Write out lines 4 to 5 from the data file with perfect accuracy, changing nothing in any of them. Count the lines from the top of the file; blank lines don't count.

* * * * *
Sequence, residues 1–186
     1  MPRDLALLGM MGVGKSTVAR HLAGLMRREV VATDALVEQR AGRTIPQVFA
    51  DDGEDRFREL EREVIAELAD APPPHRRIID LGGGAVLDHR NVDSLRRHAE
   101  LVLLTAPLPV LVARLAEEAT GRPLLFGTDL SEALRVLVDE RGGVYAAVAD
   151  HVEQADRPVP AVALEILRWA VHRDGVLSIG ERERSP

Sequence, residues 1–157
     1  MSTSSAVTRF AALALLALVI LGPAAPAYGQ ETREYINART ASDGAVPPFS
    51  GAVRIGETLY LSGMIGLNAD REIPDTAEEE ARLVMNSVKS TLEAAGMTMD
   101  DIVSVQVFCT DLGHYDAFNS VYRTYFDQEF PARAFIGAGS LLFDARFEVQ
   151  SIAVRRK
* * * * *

   101  LVLLTAPLPV LVARLAEEAT GRPLLFGTDL SEALRVLVDE RGGVYAAVAD
   151  HVEQADRPVP AVALEILRWA VHRDGVLSIG ERERSP